How cortical interneurons find their address


It is not known how cortical interneurons find their specific layer-address. It was long debated if their fate is specified before they reach the neocortex or if they are guided by local information within the cortical layers (Marin O. & Rubenstein J. L., A long remarkable jorney: tangential migration in the telencephalon. Nature Review Neuroscience 2, 780-790, 2001; Nadarajah B. & Parnavelas J. G., Modes of neural migration in the developing cerebral cortex. Nature Review Neuroscience 3, 423-432, 2002). We have known that the cortical ventricular zone is a source of patterning signals for interneurons (Nadarajah B. et al., Ventricle directed migration in the developing cerebral cortex. Nature Neuroscience 5, 218-228, 2002) but now compelling new insights give us a more complex view of the initial part of this complex process.

The inhibitory GABA cells of the neocortex, called interneurons, originate in subcortical proliferative zones named the ganglionic eminences. They migrate from this zone in a tangential stream. Little is known about how these cells navigate in the cortical layer, but two studies give insights to the possible mechanisms. The first study (Valcanis H. & Tan S. S., Layer specification of transplanted interneurons in developing mouse neocortex. Journal of Neuroscience 23, 5113-5122, 2003) showed that in the mouse neocortex, interneurons populated the layers in an inside-out sequence, mirroring the order of placement of projections neurons. Apparently, their final destination is determined at the start of their journey, but this is not necessarily set in stone. For example, when the authors transplanted early-born interneuron progenitors into an older brain, these cells tended to adopt an abnormally superficial position. Progenitors that divided within the cortex were more prone to re-specification than post-mitotic progenitors. This indicated that the cells acquire some positional information from their immediate environment during their final phase of division.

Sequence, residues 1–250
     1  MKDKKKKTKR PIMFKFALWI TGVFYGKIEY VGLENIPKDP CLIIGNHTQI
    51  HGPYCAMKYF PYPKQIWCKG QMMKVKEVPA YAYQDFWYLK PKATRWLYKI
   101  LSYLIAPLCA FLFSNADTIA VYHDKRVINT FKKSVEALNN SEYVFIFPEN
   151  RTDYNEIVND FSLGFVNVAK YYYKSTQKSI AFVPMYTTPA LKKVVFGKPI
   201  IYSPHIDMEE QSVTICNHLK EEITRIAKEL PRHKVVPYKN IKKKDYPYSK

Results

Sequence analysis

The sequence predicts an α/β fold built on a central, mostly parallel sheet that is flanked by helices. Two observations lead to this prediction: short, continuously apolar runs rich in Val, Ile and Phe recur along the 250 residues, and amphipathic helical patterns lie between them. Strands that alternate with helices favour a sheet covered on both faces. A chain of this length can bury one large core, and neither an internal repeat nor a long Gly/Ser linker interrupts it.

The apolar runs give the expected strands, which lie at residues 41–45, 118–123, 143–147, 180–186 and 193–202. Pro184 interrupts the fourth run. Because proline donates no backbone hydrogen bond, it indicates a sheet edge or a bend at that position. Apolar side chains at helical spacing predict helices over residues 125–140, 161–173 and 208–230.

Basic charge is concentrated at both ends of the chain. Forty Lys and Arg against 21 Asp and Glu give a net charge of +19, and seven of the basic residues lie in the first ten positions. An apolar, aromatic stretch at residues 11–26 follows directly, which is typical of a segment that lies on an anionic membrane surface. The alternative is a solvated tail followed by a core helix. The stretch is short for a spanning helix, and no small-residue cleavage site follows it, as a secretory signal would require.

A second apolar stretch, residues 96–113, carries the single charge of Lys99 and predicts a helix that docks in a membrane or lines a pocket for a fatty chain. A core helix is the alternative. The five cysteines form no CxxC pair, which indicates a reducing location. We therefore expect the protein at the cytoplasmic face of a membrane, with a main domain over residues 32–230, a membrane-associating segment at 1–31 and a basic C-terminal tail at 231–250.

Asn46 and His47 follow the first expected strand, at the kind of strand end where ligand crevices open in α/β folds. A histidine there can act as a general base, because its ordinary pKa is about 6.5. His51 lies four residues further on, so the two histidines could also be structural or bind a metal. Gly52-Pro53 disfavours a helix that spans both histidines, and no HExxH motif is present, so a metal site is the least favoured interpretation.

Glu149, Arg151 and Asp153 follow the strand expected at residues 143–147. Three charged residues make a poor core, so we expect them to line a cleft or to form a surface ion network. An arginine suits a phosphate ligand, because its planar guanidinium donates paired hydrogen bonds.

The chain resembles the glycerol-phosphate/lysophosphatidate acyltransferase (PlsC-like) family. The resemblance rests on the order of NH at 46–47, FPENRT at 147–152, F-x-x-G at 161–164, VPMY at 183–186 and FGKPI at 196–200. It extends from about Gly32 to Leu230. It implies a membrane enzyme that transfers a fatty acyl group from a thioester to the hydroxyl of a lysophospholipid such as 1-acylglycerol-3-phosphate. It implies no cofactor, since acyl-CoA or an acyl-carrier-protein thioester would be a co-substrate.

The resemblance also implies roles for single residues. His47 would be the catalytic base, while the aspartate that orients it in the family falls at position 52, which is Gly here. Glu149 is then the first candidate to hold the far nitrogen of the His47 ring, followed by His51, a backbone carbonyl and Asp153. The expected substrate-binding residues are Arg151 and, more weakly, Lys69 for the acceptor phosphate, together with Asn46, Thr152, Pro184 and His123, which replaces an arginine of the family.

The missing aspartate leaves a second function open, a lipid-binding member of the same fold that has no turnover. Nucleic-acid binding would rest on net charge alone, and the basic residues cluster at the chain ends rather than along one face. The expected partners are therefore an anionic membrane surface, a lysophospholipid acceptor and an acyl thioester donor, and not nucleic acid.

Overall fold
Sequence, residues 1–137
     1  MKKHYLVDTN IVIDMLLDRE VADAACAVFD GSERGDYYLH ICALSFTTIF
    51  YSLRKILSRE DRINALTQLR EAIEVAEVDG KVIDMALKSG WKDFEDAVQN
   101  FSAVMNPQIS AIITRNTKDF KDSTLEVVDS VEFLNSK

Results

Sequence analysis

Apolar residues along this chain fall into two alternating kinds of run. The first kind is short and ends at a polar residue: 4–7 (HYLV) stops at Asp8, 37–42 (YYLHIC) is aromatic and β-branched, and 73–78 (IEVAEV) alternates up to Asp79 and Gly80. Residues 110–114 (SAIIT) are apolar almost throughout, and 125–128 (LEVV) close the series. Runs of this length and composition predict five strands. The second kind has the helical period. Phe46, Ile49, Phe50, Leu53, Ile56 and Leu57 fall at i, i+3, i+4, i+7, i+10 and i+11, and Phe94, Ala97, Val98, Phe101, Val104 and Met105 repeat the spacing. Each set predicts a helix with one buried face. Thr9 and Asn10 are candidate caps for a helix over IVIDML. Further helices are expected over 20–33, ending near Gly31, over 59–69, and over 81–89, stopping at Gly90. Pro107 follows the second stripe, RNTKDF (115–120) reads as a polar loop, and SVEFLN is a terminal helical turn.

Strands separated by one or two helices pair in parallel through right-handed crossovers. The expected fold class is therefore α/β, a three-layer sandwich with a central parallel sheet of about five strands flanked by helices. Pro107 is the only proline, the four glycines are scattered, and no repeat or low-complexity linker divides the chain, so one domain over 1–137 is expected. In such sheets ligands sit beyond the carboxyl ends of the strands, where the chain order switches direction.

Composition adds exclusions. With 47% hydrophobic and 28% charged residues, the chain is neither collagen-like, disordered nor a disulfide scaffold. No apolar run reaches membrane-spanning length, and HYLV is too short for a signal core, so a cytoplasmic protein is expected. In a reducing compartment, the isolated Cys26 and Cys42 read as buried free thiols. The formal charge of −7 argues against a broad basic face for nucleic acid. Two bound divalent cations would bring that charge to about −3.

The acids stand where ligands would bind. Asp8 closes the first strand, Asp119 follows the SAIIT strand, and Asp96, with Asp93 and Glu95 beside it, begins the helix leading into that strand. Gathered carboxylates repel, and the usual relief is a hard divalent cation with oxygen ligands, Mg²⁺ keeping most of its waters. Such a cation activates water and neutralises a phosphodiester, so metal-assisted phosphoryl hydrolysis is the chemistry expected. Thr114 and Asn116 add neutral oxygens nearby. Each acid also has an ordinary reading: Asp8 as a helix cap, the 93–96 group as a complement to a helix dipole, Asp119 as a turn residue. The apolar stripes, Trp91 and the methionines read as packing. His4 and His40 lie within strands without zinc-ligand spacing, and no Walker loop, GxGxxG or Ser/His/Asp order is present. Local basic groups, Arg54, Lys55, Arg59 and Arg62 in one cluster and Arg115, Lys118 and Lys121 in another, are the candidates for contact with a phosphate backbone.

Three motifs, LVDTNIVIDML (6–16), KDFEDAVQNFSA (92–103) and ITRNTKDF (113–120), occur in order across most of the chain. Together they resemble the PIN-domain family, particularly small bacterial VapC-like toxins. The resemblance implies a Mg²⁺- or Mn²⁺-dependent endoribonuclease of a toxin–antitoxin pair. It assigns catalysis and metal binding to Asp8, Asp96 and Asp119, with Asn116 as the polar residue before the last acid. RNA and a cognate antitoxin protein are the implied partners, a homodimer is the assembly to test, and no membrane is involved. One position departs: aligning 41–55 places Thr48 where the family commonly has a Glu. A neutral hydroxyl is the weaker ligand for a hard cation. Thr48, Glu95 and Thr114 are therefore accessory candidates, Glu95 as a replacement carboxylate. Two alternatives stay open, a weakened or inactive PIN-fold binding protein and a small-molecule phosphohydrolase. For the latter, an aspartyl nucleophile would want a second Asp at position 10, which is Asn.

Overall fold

In the second study (Stumm R. K. et al. CXCR4 regulates interneuron migration in the developing neocortex, Journal of Neuroscience 23, 5123-5130, 2003) the authors identified a signal that might be responsible for guiding some interneurons to their final destination. They found that the late-born interneurons that colonize the superficial layer express CXC chemokine receptor 4 (CXCR4) and a receptor for stromal cell-derived factor-1 (SDF-1). SDF-1 is expressed in the outermost layer of the developing cortex and it seems to attract CXCR4-expressing interneurons.

These findings indicate that the fate of cortical interneurons is partially specified before they reach the cortex, although a subset of cells might also pick up environmental information within the cortical layers. 


Linda Faye Lehman & Giuseppe Perrella

 BM&L-September 2003